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1. Captain Umrao Singh VC (21 November 1920 – 21 November 2005) was an Indian recipient of the Victoria Cross (VC), the highest and most prestigious award for gallantry in the face of the enemy that can be awarded to British and Commonwealth forces.

2. He was the only non-commissioned officer in the Royal Artillery or the Royal Indian Artillery to be awarded the Victoria Cross during the Second World War.

3. He got this award because of his bravery shown against the Japanese army in Burma in second world war in 1944.

4. Umrao Singh, son of Mohar Singh, was born into a Hindu Yadav family in Palra, a small village in Jhajjar district in Haryana

5. He was promoted to Havildar (Sergeant) in the Royal Indian Artillery, Indian Army in 1942

Summary of his Bravery

1. On the night of 15 to 16 December 1944 in the Kaladan valley, Burma (now Myanmar), Umrao Singh was a field gun detachment commander in an advanced section of the 33 Mountain Battery, 30th Mountain Regiment, Indian Artillery, serving on detachment as part of the 81st West African Division in Viscount Slim's British 14th Army, supporting the advance of the XV Corps on the Arakan.

2. Singh's gun was in an advanced position, supporting the 8th Gold Coast Regiment.

3. After a 90 minute sustained bombardment from 75 mm guns and mortars from the Lt-Gen Sakurai Seizo's Japanese 28th Army, Singh's gun position was attacked by at least two companies of Japanese infantry.

4. He used a Bren light machine gun and directed the rifle fire of the gunners, holding off the assault.

5. He was wounded by two grenades.

6. A second wave of attackers killed all but Singh and two other gunners, but was also beaten off.

7. The three soldiers had only a few bullets remaining, and these were rapidly exhausted in the initial stages of the assault by a third wave of attackers.

8. Undaunted, Singh picked up a "gun bearer" (a heavy iron rod, similar to a crow bar) and used that as a weapon in hand to hand fighting.

9. He was seen to strike down three infantrymen, fatally wounded, before succumbing to a rain of blows.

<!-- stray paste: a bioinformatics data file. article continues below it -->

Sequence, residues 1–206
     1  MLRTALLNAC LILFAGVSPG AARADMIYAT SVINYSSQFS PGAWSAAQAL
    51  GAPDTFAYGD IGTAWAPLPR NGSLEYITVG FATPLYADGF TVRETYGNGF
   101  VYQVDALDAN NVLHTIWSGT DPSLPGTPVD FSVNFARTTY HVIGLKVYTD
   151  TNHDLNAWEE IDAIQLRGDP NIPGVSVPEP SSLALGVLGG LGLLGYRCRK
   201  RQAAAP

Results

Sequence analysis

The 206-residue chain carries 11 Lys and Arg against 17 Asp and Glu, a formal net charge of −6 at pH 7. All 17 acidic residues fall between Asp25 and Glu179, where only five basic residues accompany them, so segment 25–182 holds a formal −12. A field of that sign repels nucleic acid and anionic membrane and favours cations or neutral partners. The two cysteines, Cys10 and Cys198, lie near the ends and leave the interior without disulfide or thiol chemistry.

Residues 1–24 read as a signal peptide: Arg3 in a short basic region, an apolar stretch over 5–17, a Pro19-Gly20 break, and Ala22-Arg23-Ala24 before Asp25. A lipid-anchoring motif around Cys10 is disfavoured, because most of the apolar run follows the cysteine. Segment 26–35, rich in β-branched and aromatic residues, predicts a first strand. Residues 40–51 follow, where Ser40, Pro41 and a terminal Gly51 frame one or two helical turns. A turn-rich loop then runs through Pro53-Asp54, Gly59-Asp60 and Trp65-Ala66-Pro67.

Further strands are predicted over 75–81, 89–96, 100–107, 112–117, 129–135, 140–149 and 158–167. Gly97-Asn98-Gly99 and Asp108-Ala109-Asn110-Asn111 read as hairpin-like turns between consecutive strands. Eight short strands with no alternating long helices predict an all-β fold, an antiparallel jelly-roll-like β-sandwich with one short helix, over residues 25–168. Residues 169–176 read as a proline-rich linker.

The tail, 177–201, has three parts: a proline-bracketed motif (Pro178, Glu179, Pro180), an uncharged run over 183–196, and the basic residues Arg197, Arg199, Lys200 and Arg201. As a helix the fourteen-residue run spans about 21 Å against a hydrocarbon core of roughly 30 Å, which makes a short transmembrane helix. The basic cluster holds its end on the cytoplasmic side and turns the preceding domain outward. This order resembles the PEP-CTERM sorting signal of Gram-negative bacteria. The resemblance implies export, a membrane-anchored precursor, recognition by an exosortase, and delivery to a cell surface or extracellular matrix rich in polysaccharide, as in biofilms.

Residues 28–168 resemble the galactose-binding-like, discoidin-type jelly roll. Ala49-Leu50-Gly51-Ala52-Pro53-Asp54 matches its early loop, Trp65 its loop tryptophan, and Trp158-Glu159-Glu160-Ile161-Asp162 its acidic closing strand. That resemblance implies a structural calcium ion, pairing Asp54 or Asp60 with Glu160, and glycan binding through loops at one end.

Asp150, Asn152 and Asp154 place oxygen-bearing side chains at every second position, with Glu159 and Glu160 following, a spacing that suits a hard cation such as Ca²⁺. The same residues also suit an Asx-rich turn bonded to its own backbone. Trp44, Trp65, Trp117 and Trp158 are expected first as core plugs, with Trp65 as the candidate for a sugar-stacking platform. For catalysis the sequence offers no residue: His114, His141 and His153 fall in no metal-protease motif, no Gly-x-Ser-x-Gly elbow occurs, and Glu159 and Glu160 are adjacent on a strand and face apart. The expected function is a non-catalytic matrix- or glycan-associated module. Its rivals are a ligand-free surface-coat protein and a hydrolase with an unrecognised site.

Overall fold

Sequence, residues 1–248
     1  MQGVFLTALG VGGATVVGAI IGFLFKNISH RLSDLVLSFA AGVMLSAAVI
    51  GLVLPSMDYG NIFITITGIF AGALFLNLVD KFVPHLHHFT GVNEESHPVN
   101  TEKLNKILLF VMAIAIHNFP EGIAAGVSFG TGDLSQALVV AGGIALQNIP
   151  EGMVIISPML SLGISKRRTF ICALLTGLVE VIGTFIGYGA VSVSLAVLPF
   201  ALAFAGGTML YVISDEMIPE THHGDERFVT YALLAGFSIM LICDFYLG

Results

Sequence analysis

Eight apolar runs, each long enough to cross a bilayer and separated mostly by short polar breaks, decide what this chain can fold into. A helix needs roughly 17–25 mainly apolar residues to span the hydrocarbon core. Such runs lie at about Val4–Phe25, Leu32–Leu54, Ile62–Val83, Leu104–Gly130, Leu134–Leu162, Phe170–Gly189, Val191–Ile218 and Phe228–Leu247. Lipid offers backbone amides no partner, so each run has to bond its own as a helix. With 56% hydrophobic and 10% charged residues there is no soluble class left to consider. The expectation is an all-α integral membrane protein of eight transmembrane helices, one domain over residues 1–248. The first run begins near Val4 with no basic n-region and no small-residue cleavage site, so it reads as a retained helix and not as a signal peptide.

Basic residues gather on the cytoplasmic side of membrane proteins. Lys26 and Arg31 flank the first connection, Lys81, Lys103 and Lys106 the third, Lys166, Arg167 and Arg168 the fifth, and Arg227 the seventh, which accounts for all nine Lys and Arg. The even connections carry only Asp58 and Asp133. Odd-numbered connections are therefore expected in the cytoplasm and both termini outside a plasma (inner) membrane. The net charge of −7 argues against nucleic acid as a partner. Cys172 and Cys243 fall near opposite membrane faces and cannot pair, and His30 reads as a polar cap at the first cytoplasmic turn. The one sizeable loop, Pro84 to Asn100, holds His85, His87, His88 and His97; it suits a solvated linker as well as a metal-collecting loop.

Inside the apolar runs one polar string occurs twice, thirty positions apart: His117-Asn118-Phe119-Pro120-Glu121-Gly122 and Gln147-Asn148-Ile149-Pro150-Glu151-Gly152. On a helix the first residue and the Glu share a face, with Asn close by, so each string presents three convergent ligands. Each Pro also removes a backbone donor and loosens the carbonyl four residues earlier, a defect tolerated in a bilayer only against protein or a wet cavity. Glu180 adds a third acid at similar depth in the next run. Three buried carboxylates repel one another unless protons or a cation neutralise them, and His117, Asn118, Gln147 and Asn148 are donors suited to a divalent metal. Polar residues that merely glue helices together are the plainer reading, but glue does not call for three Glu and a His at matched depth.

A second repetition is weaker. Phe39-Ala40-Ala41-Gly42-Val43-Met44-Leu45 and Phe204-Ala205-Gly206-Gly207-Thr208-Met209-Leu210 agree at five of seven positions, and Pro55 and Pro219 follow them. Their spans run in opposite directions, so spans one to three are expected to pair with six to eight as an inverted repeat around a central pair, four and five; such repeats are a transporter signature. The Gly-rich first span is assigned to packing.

10. Six hours later, after a counter-attack, he was found alive but unconscious near to his artillery piece, almost unrecognisable from a head injury, still clutching his gun bearer.

11. Ten Japanese soldiers lay dead nearby.

12. His field gun was back in action later that day.

Life after the War

1. Singh was presented with his VC by King George VI at Buckingham Palace on 15 October 1945. The citation reads "Havildar Umrao Singh set a supreme example of gallantry and devotion to duty."

2. He was promoted to Subedar Major after recovering from his wounds. He retired from the British Indian army in 1946, but rejoined the army in 1947 following independence, and served until 1965. After leaving the army a second time, he returned to farm his family's 2 acre (8,000 m²) smallholding.

3. He was made an honorary captain in 1970. At the celebrations of the 50th anniversary of VE Day in London in 1995, he was almost turned away from the VIP tent because his name was not on the correct list, but Brigadier Tom Longland, who had organised the event, recognised his medal and gave orders for him to be admitted. After the event, Singh complained to British Prime Minister John Major about the meagre pension of £168 per year paid to the then ten surviving Indian VC holders. The amount had remained fixed since 1960, but Major subsequently arranged for the pension to be raised to £1,300 per year. He attended the service of dedication of the Victoria Cross and George Cross Memorial in Westminster Abbey on 14 May 2003.

4. After being diagnosed with prostate cancer in July 2005, he died, aged 85, at the Army Research and Referral hospital in New Delhi 21 November 2005. He was cremated in his native village with full military honours, attended by Bhupinder Singh Hooda (Chief Minister of Haryana), General Joginder Jaswant Singh (Army Chief), and Lt Gen Charanjit Singh (Director General of Artillery). His wife, Vimla pre-deceased him, but he was survived by two sons and a daughter.

6. In spite of personal hardship and receiving substantial offers, Singh refused to sell his medal during his lifetime, saying that selling the medal would "stain the honour of those who fell in battle".



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